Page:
A MEMORIAL was held on Saturday for more than 800 Muscogee warriors killed in 1814 while defending their homeland against United States forces.

Members of the Muscogee Creek Nation returned to Alabama this weekend for a remembrance service on the 210th anniversary of the Battle of Horseshoe Bend. 

The battle was the single bloodiest day of conflict for Native Americans with US troops and paved the way for white settler expansion in the south-east and the tribe’s eventual forced removal from the region.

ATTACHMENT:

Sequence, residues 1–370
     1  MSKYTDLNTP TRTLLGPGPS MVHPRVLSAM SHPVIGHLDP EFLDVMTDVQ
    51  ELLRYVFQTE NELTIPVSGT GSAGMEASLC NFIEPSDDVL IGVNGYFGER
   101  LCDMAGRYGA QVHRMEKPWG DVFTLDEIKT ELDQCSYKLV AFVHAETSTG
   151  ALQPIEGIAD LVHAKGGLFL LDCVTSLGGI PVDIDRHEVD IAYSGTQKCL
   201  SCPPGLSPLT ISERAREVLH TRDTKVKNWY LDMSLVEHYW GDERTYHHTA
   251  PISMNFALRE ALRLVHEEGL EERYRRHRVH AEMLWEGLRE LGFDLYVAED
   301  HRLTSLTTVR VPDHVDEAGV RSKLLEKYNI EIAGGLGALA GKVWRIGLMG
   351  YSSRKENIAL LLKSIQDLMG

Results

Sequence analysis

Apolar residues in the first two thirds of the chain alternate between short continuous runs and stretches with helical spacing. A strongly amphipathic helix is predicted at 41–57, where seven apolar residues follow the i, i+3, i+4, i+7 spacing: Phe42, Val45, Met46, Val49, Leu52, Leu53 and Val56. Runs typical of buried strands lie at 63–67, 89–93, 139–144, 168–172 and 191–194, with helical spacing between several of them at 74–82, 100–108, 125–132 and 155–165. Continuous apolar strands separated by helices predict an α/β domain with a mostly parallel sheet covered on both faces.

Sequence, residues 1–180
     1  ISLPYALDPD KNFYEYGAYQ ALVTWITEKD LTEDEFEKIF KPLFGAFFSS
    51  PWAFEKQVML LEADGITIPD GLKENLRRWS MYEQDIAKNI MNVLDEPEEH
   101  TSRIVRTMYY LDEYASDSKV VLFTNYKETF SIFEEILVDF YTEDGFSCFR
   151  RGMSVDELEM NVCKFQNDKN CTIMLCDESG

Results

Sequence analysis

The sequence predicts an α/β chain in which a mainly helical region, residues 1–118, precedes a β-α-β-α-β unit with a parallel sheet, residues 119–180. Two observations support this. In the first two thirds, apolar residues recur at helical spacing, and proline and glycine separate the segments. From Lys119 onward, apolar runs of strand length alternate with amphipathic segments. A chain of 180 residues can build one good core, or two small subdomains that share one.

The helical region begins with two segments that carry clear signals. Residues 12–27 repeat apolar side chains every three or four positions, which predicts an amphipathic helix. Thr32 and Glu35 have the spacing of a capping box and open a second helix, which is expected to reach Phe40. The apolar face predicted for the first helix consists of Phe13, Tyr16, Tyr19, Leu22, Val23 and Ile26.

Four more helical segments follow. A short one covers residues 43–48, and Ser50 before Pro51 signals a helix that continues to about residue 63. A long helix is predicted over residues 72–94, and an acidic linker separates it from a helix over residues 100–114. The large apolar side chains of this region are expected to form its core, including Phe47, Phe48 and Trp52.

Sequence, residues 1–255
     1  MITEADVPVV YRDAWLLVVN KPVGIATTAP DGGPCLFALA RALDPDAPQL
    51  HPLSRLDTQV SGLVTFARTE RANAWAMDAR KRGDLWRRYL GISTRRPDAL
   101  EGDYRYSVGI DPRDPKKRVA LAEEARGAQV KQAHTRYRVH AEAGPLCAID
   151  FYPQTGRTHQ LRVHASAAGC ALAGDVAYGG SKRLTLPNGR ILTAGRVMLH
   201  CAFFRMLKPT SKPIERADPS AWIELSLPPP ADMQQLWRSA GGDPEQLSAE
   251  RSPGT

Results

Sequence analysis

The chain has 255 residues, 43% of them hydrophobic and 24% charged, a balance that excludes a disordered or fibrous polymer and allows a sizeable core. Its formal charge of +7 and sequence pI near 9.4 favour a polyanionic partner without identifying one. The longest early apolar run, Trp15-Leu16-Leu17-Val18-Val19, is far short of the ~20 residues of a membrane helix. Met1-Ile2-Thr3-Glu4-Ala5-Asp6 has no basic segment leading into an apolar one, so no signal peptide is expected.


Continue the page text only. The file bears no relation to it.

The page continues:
Muscogee Creek Nation principal chief David Hill told Saturday’s ceremony: “We don’t come here to celebrate. We come here to commemorate, to remember the lives and stories of those who fought and honour their sacrifice.”

One thousand warriors, along with women and children from six tribal towns, who had taken refuge on the site, were attacked on March 27 1814 by a force of 3,000.

Muscogee Nation ambassador to the United States Jonodev Chaudhuri said: “The battles we fight today to protect our culture, our way of life and our sovereignty is a direct through line to the lessons that were given to us by these brave folks who lost their lives here protecting what is most dear to us.”

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By admin